(Natural News) Reversible cerebral vasoconstriction syndrome (RCVS) is a rare condition caused by the sudden tightening of blood vessels that supply oxygen to the brain. It is characterized by severe ‘thunderclap’ headaches – with or without neurological symptoms – and in some cases, occasional seizures. RCVS can also lead to ischemic or hemorrhagic stroke. Traditionally, two medicinal plants, namely, Ginkgo biloba and Sophora japonica, are used to treat cerebral vasoconstriction. In a recent study, researchers from Kagoshima University in Japan and Vietnam National University of Agriculture investigated the mechanisms behind the biological activity of both these plants to understand why they are used in traditional medicine to address RCVS. Their findings were published in The American Journal of Chinese Medicine.
G. biloba and S. japonica
Ginkgo biloba is a traditional Chinese medicine used by the ancient Chinese to treat the symptoms of asthma and improve cognitive function. They also believed that it has strengthening properties so it was used to increase sexual energy. Other health benefits associated with ginkgo biloba include the treatment of blood disorders and memory problems, improvement of eye health, and the enhancement of cardiovascular function. (Related: Herbal supplement ginkgo biloba found to prevent cell death in the brain, improve recovery from stroke.)
The ginkgo tree, also known as the maidenhair tree, is one of the oldest species of trees in the world. Extracts from this tree and its leaves are used to make tea. Ginkgo is said to contain high amounts of flavonoids and terpenoids, which are beneficial antioxidant compounds found mainly in plants. Today, ginkgo biloba extracts derived from its leaves can also be found in supplements that claim to improve blood circulation and brain function.
S. japonica, also known as the Japanese pagoda (huai hua in Chinese), is a tree native to eastern China and Japan. It is one of the fifty fundamental herbs used in traditional Chinese medicine. Like ginkgo biloba, S. japonica is used to improve blood circulation. It is also believed to promote healthy blood vessels and aid in the maintenance of overall cardiovascular health. S. japonica can be used to make herbal medicines for the treatment of hemorrhoids.
S. japonica flowers and buds are used to stop bleeding, while its fruits can be used to lower blood pressure and its root bark to treat sores. Its newborn shoots and seedlings can also be made into tea. S. japonica are rich in beneficial plant components, such as triterpenoids, flavonoids, betulin, sophoradiol, and tannins. The oil from its flower also contains fatty acids, such as lauric acid, stearic acid, palmitic acid, and beta-sitosterol. Troxerutin and oxymatrine – which both possess vasoprotective properties – are the two potent antioxidant flavonoids found in S. japonica.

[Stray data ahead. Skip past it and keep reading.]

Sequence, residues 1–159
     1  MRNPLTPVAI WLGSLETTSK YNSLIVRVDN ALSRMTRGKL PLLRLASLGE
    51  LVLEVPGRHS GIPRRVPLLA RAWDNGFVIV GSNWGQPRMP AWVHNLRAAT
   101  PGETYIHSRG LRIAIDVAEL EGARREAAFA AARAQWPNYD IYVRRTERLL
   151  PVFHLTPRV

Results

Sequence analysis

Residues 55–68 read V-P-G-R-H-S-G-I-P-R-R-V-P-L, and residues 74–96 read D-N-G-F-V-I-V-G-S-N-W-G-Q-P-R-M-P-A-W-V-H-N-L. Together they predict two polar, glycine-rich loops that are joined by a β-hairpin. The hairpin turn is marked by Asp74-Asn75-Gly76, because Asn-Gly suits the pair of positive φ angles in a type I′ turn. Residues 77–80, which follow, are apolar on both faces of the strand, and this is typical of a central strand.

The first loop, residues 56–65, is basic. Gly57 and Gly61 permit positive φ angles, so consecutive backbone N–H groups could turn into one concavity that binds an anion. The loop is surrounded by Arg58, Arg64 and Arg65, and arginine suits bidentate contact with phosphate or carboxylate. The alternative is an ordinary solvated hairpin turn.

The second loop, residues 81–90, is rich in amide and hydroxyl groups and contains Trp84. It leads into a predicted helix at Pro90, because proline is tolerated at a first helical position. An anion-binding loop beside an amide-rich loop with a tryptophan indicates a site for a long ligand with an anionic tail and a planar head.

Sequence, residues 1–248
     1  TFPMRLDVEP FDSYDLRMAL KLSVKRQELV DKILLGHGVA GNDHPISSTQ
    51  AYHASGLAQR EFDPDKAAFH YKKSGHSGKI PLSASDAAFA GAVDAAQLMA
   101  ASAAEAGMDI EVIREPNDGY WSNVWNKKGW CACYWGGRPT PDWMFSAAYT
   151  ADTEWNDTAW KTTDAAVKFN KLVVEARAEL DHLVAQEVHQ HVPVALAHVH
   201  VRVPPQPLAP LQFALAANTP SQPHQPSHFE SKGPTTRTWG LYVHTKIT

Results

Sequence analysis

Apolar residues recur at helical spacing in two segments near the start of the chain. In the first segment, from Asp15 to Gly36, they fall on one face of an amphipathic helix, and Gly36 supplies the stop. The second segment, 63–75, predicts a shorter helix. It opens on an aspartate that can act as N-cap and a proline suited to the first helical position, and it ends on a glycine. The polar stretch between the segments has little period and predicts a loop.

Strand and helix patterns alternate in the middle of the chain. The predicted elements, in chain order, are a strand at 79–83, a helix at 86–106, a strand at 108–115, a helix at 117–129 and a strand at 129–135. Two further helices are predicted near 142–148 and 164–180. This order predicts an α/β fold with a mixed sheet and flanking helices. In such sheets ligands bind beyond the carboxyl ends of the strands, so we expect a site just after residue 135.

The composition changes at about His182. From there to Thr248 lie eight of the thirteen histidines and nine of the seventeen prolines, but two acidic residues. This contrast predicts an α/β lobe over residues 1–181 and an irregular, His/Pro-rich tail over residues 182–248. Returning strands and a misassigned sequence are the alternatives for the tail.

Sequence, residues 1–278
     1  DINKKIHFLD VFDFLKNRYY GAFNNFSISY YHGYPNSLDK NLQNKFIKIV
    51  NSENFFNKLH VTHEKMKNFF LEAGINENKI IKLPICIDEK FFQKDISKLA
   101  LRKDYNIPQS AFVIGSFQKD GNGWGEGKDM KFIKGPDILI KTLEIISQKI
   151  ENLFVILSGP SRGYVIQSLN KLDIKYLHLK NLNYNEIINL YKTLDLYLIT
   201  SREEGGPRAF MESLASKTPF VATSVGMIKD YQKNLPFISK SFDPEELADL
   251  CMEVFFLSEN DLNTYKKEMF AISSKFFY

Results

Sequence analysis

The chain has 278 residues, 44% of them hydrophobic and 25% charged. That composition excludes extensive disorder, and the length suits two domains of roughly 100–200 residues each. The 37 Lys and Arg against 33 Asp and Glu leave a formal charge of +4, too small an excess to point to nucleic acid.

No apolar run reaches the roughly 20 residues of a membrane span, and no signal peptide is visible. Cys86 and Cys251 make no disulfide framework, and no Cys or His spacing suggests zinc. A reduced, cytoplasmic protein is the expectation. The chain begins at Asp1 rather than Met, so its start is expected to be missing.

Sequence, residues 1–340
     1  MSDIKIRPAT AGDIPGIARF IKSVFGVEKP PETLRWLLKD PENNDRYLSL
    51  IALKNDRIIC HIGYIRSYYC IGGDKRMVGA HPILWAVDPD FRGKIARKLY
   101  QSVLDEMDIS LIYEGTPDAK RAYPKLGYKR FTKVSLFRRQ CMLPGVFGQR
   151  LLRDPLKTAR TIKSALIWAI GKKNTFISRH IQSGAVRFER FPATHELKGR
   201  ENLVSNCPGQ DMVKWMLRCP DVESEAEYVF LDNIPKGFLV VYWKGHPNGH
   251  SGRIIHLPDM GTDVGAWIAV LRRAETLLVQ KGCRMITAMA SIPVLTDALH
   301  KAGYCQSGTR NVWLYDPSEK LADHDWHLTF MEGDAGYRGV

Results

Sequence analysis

G. biloba and S. japonica have antagonistic effects on cerebral vasoconstriction
For their study, the researchers evaluated the effects of Ginkgo biloba (GB) and Sophora japonica (SJ) on cerebral vasoconstriction in response to KCl, extracellular Ca2+, histamine, 5-hydroxytryptamine (5-HT), 9,11-dideoxy-9alpha,11alpha-methanoepoxy prostaglandin (PG) F2alpha (U46619), and bradykinin (BK). They used endothelial cells taken from isolated porcine basilar arteries for in vitro experiments and used leaf extracts from GB and flower bud extracts from SJ to treat the cells.
The researchers reported that neither SJ nor GB had any effect on contractions induced by KCl and extracellular Ca2+; SJ significantly inhibited the contraction induced by histamine, 5-HT, U46619, and BK. On the other hand, GB inhibited only histamine-induced contraction but did not have any effects on contractions induced by 5-HT, U46619, and BK.
When researchers introduced diphenhydramine (a H1 receptor antagonist), ketanserin (a 5-HT2 receptor antagonist), and ONO-3708 (a thromboxane (TX) A2/PG receptor antagonist), these antagonists negated the inhibitory effects of SJ and GB. SJ significantly inhibited the contractions induced by BK and PGF2alpha, except in the presence of ONO-3708 (10?5 Molar). BK enhanced the production of PGF2alpha from cultured PBA endothelium cells, but SJ significantly attenuated this enhancement.
Based on these findings, the researchers concluded that SJ and GB have an H1-antagonistic effect, with SJ also having the ability to attenuate cerebral vasoconstriction mediated via 5-HT2 and TXA2/PG receptors, which may be why SJ has been used traditionally as a therapeutic medication for cerebral vasospasm after cerebral hemorrhage.